The Mourning Warbler (Oporornis philadelphia), is a small songbird of the New World warbler family. Their breeding habitat is thickets and semi-open areas with dense shrubs across Canada east of the Rockies and the northeastern United States. The nest is an open cup placed on the ground in a well-concealed location under thick shrubs or other vegetation. These birds migrate to Central America and northern South America.
These 5 inch long birds have yellow underparts, olive-green upperparts and pink legs. Adult males have a gray hood and a black patch on the throat and breast. Females and juveniles are gray-brown on the head with an incomplete eye-ring. The song of this bird is a bright repetitive warble. The call is a sharp chip.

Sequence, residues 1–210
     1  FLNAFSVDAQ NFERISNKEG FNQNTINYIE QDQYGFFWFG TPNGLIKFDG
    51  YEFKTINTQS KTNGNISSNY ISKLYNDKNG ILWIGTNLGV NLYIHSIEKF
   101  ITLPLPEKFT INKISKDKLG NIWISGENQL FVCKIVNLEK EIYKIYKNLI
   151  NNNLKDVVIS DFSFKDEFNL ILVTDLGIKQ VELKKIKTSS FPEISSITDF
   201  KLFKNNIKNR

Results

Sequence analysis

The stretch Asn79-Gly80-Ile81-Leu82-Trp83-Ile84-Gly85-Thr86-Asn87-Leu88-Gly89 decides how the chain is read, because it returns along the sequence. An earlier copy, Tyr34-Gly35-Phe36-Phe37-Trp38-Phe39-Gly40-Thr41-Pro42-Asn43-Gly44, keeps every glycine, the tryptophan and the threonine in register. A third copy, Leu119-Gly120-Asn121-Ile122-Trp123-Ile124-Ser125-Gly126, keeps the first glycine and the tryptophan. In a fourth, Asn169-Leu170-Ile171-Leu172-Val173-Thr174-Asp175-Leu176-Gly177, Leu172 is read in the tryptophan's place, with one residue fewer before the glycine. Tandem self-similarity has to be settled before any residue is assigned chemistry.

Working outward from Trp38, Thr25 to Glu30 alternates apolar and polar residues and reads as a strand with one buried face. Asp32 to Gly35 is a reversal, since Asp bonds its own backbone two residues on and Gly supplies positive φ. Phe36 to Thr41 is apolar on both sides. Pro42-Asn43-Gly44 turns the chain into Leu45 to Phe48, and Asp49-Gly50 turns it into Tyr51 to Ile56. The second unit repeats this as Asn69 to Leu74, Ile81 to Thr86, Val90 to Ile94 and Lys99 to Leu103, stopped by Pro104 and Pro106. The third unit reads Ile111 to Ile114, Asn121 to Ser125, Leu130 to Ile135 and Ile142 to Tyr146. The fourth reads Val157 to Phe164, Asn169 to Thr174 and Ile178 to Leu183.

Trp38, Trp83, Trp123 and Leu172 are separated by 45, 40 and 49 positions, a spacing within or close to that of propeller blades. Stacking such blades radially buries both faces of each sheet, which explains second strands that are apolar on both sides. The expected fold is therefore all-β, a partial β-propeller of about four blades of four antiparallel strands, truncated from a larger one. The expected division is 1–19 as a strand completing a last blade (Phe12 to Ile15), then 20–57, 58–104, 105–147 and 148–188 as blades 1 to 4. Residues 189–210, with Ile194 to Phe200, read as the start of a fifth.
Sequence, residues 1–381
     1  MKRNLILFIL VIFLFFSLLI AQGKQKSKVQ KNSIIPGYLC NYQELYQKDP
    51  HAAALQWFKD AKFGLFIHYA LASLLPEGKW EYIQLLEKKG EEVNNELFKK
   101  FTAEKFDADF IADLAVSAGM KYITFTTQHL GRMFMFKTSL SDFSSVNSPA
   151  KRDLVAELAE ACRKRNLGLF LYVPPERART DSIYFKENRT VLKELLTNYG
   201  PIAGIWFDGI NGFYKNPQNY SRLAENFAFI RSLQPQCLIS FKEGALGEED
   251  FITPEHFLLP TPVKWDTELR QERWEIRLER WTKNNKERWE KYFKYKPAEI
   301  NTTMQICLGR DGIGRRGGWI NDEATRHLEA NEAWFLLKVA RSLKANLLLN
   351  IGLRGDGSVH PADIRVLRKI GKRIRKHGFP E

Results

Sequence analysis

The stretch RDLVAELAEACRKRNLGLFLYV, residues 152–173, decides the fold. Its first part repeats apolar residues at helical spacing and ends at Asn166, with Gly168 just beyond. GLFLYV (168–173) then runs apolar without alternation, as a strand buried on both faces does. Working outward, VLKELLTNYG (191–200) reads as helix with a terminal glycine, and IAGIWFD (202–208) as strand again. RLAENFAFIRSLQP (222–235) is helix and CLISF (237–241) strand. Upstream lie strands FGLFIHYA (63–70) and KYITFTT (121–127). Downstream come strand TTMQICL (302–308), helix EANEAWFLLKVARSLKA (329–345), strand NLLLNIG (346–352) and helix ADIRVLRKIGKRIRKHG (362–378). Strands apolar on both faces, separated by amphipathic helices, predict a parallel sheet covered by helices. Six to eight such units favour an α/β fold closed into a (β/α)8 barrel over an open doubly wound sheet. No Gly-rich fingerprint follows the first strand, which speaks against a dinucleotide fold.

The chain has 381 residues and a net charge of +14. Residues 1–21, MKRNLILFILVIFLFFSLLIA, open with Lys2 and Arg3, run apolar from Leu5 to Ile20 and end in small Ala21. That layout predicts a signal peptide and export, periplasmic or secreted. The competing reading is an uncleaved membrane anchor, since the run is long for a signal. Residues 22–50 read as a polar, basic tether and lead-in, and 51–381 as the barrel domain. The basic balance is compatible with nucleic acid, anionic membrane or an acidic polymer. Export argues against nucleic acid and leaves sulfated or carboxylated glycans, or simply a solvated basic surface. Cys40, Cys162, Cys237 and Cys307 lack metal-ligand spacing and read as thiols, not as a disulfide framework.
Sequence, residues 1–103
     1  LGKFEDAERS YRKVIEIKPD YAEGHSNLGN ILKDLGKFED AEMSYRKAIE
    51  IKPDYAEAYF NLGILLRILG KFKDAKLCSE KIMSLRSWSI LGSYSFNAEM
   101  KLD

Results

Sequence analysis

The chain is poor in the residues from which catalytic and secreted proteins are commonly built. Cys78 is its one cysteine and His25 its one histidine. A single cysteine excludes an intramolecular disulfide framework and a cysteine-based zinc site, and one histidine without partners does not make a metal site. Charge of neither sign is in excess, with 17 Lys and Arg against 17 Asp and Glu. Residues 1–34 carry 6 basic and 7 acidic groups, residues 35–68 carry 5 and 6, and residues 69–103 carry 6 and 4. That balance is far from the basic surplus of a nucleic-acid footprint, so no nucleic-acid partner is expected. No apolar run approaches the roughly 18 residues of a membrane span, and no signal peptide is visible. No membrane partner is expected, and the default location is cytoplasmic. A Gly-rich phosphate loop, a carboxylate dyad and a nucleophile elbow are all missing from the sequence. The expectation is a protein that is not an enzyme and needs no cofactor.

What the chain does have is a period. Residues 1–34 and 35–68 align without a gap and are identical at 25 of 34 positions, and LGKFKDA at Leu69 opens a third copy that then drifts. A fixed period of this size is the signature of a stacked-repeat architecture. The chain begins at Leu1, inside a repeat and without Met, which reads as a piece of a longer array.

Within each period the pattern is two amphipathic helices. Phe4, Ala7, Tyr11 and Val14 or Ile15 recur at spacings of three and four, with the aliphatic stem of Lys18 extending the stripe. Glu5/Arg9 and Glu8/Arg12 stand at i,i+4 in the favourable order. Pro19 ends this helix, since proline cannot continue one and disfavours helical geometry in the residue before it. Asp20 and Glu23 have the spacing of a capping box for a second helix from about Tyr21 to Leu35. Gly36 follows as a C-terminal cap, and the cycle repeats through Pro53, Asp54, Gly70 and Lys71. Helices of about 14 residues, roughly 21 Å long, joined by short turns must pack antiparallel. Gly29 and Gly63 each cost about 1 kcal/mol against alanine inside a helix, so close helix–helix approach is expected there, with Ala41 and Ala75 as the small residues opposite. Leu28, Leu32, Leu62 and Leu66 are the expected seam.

They forage low in vegetation, sometimes catching insects in flight. These birds mainly eat insects, also some plant material in winter.
The “mourning” in this bird’s name refers to the male’s hood, thought to resemble a mourning veil.